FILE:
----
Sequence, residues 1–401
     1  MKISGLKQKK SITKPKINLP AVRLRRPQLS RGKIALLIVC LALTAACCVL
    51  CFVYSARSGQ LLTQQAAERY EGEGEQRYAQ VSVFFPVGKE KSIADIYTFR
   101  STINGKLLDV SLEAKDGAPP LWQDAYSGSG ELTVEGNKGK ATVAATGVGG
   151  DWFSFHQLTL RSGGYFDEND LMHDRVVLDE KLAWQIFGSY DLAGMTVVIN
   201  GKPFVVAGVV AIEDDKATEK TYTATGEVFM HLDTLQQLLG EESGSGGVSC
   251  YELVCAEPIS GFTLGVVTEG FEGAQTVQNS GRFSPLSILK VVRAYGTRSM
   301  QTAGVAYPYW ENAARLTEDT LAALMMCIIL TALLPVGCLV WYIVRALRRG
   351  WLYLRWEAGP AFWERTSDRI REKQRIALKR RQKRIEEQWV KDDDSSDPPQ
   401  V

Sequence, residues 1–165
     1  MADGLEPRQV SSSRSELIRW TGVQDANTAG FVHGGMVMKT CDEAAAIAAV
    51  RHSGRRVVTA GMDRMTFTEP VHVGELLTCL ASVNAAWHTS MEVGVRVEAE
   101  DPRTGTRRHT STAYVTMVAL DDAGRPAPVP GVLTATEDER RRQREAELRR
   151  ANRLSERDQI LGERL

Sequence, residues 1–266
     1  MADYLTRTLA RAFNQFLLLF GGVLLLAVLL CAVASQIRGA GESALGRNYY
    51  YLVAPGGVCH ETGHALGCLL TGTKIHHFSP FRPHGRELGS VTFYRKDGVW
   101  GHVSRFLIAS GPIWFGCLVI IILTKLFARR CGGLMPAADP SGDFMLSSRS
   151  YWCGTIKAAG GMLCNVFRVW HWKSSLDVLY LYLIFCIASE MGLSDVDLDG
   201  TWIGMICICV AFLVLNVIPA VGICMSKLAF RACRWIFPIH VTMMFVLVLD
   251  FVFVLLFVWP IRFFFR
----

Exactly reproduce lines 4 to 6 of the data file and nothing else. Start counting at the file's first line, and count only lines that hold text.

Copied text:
   101  STINGKLLDV SLEAKDGAPP LWQDAYSGSG ELTVEGNKGK ATVAATGVGG
   151  DWFSFHQLTL RSGGYFDEND LMHDRVVLDE KLAWQIFGSY DLAGMTVVIN
   201  GKPFVVAGVV AIEDDKATEK TYTATGEVFM HLDTLQQLLG EESGSGGVSC